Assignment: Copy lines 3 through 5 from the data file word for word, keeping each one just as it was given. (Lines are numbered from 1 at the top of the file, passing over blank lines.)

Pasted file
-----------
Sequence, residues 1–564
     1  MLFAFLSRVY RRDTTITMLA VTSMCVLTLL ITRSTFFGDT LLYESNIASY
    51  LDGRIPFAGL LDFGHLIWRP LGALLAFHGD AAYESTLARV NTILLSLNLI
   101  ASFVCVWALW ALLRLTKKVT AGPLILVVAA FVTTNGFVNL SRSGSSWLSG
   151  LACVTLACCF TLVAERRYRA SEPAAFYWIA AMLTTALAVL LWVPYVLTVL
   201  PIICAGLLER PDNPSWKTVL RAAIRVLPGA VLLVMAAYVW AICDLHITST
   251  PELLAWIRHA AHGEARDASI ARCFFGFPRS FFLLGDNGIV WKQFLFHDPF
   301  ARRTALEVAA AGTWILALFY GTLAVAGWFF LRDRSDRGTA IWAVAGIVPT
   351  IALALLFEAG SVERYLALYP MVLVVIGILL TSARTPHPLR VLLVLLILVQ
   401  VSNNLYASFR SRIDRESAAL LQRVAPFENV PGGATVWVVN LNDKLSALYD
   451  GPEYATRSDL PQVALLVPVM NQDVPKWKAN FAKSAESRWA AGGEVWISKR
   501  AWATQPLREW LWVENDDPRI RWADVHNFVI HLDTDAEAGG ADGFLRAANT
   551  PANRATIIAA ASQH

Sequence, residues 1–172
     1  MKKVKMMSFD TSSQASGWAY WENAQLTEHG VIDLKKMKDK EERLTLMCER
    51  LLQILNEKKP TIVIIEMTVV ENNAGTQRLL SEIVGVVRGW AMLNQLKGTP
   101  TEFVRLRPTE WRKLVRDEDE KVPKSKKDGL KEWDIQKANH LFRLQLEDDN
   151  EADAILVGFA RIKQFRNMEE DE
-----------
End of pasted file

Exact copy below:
    51  LDGRIPFAGL LDFGHLIWRP LGALLAFHGD AAYESTLARV NTILLSLNLI
   101  ASFVCVWALW ALLRLTKKVT AGPLILVVAA FVTTNGFVNL SRSGSSWLSG
   151  LACVTLACCF TLVAERRYRA SEPAAFYWIA AMLTTALAVL LWVPYVLTVL